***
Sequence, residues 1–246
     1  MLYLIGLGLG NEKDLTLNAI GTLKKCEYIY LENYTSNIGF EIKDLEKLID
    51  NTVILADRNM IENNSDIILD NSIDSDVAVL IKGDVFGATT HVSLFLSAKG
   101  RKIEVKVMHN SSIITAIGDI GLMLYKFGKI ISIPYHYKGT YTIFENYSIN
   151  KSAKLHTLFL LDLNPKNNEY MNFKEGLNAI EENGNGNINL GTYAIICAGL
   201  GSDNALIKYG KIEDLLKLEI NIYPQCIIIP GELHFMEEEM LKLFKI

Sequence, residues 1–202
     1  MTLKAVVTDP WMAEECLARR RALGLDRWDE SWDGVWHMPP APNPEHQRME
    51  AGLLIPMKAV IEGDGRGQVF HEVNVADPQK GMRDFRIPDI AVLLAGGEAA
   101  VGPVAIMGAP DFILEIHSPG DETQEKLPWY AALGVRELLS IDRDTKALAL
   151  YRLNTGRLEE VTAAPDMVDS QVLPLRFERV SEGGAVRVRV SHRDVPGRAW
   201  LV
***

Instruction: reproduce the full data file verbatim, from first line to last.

Sequence, residues 1–246
     1  MLYLIGLGLG NEKDLTLNAI GTLKKCEYIY LENYTSNIGF EIKDLEKLID
    51  NTVILADRNM IENNSDIILD NSIDSDVAVL IKGDVFGATT HVSLFLSAKG
   101  RKIEVKVMHN SSIITAIGDI GLMLYKFGKI ISIPYHYKGT YTIFENYSIN
   151  KSAKLHTLFL LDLNPKNNEY MNFKEGLNAI EENGNGNINL GTYAIICAGL
   201  GSDNALIKYG KIEDLLKLEI NIYPQCIIIP GELHFMEEEM LKLFKI

Sequence, residues 1–202
     1  MTLKAVVTDP WMAEECLARR RALGLDRWDE SWDGVWHMPP APNPEHQRME
    51  AGLLIPMKAV IEGDGRGQVF HEVNVADPQK GMRDFRIPDI AVLLAGGEAA
   101  VGPVAIMGAP DFILEIHSPG DETQEKLPWY AALGVRELLS IDRDTKALAL
   151  YRLNTGRLEE VTAAPDMVDS QVLPLRFERV SEGGAVRVRV SHRDVPGRAW
   201  LV